Wow - what a great book, excellent addition to any one who likes history but also anyone who has any sort of humanity. A must read for every one fortunate enough not to be one of then BEF and commemorate the deeds of those who were. Outnumbered and outgunned, let down by the general staff who hadn't a clue, a testimony to the bravery and resolution of the subalterns who did.
The Devil's Carnival is one of the most interesting books I have read about WW1. It highlights part of WW1 that little is known about, The first few month's of the war. It is well written and takes you through the start till the first trench war. It is full of interesting reports of the war written by officers who were there in the thick of it. excellent read.
This book by John Sneddon examines the progress of the 1st Northumberland Fusiliers though the campaign of 1914 - mainly through the eyes of Captain Beauchamp Tudor St John, but with valuable contributions from Lieutenant F. E. Watkins and (from October) Captain E. B. Gordon. Sometimes editors actually detract from the diaries they are editing by the addition of clichéd analysis that only betrays an ignorance of the subject. In contrast Sneddon contributes a rather wonderful introduction which looks at the genesis of the war and then examines the structure, equipment and personnel of a 1914 infantry battalion. Throughout the book his text adds value to the original quotes, thankfully avoiding sentimentality and trite judgements.
Captain Beauchamp Tudor St John is the dominant voice and he is an acute observer, possessed of a retentive memory and an ability to describe events so that we can generally follow what was going on - at least as much as St John knew himself. The focus is limited: as a relatively junior officer his perspective is limited to what he can see around him. I was already aware of his memoir as we have a copy at the Imperial War Museum and even in that august collection it stands out as one of the very best of that period. His account of the defence of Mariette during the Battle of Mons on the 23 August is quite exceptionally detailed.
Both St John and Watkins then recount the myriad confusions, the skirmishes, the packed or blocked roads, the sheer exhaustion of retreat - and the need to keep their men going even when they themselves were almost done. Then the advance to the Aisne, by then the exhausted St John was temporarily in hospital and recuperating and Watkins sketches the start of trench warfare for the BEF.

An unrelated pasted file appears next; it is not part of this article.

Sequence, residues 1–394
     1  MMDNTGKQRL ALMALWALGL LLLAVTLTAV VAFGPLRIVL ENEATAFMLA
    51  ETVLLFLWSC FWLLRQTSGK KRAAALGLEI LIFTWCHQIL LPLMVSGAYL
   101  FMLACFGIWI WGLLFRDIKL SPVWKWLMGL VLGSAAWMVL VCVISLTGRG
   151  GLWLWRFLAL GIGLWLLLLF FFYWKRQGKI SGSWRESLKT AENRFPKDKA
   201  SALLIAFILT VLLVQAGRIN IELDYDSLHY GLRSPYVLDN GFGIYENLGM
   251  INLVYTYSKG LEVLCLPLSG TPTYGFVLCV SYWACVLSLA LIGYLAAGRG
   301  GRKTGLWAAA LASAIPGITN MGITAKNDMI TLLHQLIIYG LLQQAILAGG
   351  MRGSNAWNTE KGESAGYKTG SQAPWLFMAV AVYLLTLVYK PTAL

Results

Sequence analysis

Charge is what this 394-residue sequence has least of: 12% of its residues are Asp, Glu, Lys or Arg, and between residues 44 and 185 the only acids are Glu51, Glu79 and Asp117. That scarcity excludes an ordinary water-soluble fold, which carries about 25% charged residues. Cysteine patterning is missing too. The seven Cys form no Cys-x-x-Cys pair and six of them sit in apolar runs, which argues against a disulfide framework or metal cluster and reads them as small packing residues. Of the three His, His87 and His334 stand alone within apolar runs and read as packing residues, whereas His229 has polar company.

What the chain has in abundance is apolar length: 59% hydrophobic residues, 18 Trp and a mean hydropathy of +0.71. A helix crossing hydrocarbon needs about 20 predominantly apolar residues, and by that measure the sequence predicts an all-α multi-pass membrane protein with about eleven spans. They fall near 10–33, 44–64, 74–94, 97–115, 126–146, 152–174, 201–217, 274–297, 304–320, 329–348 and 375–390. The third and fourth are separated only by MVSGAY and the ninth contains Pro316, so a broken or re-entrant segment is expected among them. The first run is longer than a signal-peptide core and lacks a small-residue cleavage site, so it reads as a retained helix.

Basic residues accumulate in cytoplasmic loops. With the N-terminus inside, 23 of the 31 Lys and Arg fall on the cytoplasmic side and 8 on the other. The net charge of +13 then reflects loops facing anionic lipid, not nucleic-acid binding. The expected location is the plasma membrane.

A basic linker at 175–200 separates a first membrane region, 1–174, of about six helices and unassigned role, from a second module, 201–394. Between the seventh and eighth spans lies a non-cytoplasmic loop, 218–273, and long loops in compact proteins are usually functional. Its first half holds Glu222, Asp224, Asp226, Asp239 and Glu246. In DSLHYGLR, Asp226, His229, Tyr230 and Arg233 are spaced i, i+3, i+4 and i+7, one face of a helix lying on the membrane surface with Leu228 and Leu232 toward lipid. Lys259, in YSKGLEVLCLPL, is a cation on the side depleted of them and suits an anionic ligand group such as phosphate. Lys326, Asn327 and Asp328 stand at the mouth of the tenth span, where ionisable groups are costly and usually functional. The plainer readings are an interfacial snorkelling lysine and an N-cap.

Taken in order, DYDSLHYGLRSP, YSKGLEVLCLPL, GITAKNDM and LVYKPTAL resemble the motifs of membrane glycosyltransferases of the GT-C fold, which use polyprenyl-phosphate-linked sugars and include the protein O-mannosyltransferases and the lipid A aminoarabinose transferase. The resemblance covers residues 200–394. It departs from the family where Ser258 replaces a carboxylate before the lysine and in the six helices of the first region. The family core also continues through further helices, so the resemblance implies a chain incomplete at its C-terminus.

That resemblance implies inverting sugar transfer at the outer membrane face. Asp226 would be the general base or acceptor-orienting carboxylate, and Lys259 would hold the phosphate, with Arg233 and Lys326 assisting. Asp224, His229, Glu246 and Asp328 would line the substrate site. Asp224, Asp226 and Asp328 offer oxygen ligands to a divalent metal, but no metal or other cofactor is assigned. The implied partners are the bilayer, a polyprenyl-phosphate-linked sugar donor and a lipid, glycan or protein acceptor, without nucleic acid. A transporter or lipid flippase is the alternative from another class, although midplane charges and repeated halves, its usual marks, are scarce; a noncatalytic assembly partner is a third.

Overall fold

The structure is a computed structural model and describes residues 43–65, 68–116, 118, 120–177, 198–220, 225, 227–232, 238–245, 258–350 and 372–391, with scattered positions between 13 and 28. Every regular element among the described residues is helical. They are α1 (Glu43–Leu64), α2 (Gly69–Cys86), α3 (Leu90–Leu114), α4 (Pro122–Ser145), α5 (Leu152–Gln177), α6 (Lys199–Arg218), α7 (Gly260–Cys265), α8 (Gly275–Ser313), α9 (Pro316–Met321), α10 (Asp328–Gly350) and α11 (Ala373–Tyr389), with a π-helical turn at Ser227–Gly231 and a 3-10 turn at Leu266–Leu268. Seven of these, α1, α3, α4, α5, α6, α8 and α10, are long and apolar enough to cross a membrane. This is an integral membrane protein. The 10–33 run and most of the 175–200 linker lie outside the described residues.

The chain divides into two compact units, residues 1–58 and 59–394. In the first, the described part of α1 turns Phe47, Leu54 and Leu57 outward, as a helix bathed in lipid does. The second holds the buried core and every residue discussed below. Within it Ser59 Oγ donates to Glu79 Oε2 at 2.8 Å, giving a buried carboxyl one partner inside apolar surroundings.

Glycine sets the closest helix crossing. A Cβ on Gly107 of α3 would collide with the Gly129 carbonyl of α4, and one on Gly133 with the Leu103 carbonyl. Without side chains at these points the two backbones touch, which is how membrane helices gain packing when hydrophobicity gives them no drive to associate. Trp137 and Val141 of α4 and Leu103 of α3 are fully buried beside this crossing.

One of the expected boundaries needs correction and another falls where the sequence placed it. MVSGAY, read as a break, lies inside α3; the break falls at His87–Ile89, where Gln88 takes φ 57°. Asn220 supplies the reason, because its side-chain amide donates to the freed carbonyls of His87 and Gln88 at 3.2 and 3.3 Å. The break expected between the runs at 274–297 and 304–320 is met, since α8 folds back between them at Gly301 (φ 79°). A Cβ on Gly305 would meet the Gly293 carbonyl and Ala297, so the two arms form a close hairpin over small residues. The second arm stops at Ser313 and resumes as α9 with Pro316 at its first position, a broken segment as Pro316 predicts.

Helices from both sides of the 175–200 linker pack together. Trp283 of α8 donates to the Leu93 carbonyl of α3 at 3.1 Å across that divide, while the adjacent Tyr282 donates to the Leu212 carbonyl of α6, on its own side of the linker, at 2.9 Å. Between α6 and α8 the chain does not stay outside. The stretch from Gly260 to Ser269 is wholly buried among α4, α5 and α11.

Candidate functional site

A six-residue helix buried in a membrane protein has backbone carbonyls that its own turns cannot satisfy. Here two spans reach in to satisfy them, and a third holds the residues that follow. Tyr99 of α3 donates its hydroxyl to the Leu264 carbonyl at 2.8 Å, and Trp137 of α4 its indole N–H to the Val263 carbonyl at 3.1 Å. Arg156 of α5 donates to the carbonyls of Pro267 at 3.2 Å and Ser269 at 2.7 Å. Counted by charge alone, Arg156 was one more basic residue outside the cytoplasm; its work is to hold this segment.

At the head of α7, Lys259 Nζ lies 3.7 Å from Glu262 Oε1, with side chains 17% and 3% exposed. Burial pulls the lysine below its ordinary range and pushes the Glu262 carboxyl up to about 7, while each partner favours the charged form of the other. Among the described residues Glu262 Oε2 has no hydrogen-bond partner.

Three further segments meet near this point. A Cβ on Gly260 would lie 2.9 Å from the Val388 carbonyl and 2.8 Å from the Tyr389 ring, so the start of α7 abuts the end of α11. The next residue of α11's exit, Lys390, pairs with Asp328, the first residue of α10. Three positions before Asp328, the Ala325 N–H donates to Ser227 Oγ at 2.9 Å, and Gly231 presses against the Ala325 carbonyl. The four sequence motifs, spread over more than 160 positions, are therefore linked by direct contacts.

The so-called race to the sea was another confusing period and the fighting engulfed the battalion, fast eroding its strength. In amidst this St John gives a wonderful account of the capture of Fromelles alongside the French on 17 October. This is contrary to the popular belief that fighting in this sector did not begin until 1916! This was followed by severe fighting around the village of Neuve Chapelle. Finally, although reduced to only about 350 men, the Northumberlands moved down towards Messines, where on 1 November, St John was severely wounded in their abortive attack on Wytschaete. His account of his wounds and inner thoughts as it was all happening are riveting stuff. But the fighting went on without him as the battalion moved down to Ypres itself, where Captain Gordon records the final throes of the German attempts to break through to the Channel Ports. The battalion then return to the Wytschaete sector where they would see out the year.
All in all a wonderful book, a fascinating unit and the St John memoir is a real classic. It is to John Sneddon's further credit that he is donating the proceeds from the book to the Fusiliers' Museum.